Designed by: Kelly Wearstler
With the temperature dropping outside, why not take a cue from sugar sand beaches and breezy beachside cabanas for your kitchen's next update? The Viceroy in Anguilla is equal parts Caribbean hideaway and ultra posh resort, thanks to the magical touch of designer Kelly Wearstler, who waved her stylish wand over the expansive seaside property, masterfully decorating every nook and cranny. Our favorite part? The swanky yet laid-back outdoor bar and lounge area with its impressive design details, all of which are worth bringing back to your home kitchen. Go ahead, study its style and transport a slice of paradise into your cookspace.
Photo: Courtesy of The Viceroy Anguilla
Photo: Courtesy of Slab Market
The first thing you notice when looking at the bar (above) is the amazing oversized marble slab that doubles as a backsplash and an art installation. The slab is sliced into jumbo-sized tiles that are then rotated to create Rorschach-like mirror images. The price for this look will depend on the stone you choose, but marble and granite slabs usually range anywhere between $15 and $40 per foot. To get an interesting tile pattern, look for a heavily grained stone that has a distinct, almost swirl-like pattern; marble or granite with consistent, uniform grain throughout won't create a mirror image when cut. For the most artful result, we recommend enlisting the help of a designer, but you can use marble tiles to get a similar look in a weekend remodeling project.
Get the look: Kenya black granite from Slab Market
Photo: Courtesy of Walker Zanger
The herringbone pattern seen on the bar (and the floor) was adapted from an intricate wood flooring technique, known as parquetry, that originated in the late 1600s in France. Parquet flooring is achieved by arranging wooden pieces in geometric configurations; this chevron design is one of the most common. Traditionally, parquet floors were painstakingly installed piece by piece, but now you can purchase them in easy-to-install pre-cut tiles. Wood isn't the only material you can use to create parquet-inspired herringbone patterns; tile and stone are also popular choices because of their durability.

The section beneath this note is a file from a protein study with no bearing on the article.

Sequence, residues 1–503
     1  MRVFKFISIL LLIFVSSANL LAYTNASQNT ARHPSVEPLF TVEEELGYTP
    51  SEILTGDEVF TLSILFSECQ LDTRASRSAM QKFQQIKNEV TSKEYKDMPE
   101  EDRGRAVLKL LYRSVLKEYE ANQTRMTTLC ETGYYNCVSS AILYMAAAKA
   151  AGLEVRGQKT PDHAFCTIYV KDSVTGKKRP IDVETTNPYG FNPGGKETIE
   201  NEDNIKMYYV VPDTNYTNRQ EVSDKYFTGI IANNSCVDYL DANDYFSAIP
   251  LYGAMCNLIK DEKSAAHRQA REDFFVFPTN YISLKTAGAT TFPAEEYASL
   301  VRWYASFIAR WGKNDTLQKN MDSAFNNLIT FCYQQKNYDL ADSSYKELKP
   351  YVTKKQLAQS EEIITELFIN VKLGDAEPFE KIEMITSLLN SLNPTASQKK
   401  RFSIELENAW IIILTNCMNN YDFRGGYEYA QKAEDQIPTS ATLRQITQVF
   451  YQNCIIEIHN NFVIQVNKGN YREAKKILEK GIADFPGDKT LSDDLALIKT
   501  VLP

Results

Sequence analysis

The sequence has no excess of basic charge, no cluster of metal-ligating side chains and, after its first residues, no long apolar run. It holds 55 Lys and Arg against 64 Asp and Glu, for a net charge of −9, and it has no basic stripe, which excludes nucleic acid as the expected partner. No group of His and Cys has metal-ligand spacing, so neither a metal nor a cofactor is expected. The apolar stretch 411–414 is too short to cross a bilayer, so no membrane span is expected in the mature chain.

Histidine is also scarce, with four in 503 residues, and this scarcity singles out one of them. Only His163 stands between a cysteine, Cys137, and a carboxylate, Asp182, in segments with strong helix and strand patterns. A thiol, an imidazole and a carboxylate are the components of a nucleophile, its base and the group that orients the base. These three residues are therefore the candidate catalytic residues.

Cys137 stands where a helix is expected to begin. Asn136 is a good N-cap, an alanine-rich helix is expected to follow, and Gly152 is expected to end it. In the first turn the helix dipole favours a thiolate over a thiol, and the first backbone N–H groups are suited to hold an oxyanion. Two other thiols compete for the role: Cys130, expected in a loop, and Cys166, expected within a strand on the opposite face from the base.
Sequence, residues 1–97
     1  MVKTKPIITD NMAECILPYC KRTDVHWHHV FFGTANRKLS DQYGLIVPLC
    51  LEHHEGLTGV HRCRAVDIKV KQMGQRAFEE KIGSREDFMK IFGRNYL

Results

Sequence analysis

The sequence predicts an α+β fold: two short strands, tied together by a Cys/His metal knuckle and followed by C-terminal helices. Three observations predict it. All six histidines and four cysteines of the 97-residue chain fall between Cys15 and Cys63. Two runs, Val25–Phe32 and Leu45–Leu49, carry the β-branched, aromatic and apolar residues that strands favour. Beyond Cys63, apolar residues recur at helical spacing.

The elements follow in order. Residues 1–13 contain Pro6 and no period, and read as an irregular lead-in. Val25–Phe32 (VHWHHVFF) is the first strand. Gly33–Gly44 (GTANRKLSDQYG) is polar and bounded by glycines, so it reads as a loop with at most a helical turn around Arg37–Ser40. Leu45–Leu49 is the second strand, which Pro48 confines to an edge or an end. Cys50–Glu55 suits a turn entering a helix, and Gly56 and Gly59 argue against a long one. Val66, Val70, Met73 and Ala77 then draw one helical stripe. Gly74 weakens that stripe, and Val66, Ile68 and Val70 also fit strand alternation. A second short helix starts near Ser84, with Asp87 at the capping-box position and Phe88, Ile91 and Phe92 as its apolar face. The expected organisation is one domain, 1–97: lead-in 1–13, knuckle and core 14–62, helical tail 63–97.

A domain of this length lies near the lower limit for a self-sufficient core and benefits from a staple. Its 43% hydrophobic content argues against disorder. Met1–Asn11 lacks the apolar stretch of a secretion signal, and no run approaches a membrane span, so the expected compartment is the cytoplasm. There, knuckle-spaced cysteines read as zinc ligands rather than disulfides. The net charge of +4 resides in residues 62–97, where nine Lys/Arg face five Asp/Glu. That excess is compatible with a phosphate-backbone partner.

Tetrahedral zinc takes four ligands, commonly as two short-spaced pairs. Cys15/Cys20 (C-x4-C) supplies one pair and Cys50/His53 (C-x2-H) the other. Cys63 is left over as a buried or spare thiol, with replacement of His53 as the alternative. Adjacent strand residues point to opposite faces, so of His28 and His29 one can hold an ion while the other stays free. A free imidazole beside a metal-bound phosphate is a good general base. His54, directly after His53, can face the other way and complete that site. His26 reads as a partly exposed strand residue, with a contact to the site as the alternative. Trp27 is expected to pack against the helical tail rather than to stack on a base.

Get the look: AnTeak Chevron field tile from Walker Zanger
Photo: Courtesy of Zinc Door
If you're not quite ready to pull the trigger on new flooring, mimic the herringbone wood pattern with a parquet-inspired dining table. The aged driftwood finish has a sun-bleached quality to it. You don't have to replicate a room exactly to get the same design effect—instead, pay attention to colors, patterns, textures and finishes that you can use in an unexpected place.
Get the look: Regina Andrew Parquet dining table from Zinc Door
Photo: Courtesy of Home Depot
Use these multi-purpose marble tiles to flank the graphic marble slab backsplash for a bold contrast, or as a sand-inspired flooring material. Multi-purpose tiles are a kitchen renovator's dream—you can use them on a backsplash, bar, floor or countertop. Layering various tones of neutrals and textures makes a statement without a major injection of color.
Get the look: MS International Desert Sand marble tile from Home Depot
Photo: Courtesy of University of Texas School of Architecture
An injection of super-luxe finishes and materials is a trademark of Wearstler's rooms. Here, the brass barstools are covered in a rich, metallic mock crocodile fabric. Though a metallic animal-skin print might seem a bit too glamorous for an outdoor beach setting, the neutral color doesn't distract from the surroundings, yet is still bold enough to stand on its own. The silk-loomed fabric is a light, modern alternative to a traditional heavy leather crocodile fabric, in keeping with the lightness of the beachside bar. Its extra-soft weave makes this fabric ideal for seating upholstery, whether for barstools or dining chairs.
Get the look: Legends II fabric from Jim Thompson
Photo: Courtesy of Seaside Inspired
Add another coastal layer by mixing in natural textures and organic shapes commonly associated with the beach, such as shell-encrusted accessories or driftwood accents. Instead of making an entirely ocean-themed room, just add little pops here and there. Tabletop accessories, like seagrass placemats or shell napkin rings, are the perfect place to make seaworthy statement.
Get the look: Driftwood hurricanes from Seaside Inspired
Photo: Courtesy of Silestone
For a high-impact countertop, bump up the standard thickness by 1 or 2 inches. Extra heft adds a little more substance than a traditional countertop. Opt for a stone or tile that has flecks of the accent color you've used throughout the space. In this case, creamy sand and warm wooden brown are dotted throughout the Silestone, helping anchor the color scheme of the room.
Get the look: Seleno countertops from Silestone
Photo: Courtesy of Williams-Sonoma
The clean, streamlined look of the Viceroy lounge's slipcovered seating echoes the breeziness of a cabana. Bring a bit of oceanfront style to your dining area by using tailored, upholstered seating like this sleek dining bench. Natural linen is the perfect fabric to incorporate into a beach-inspired room.
Get the look: Fitzgerald upholstered bench from Williams-Sonoma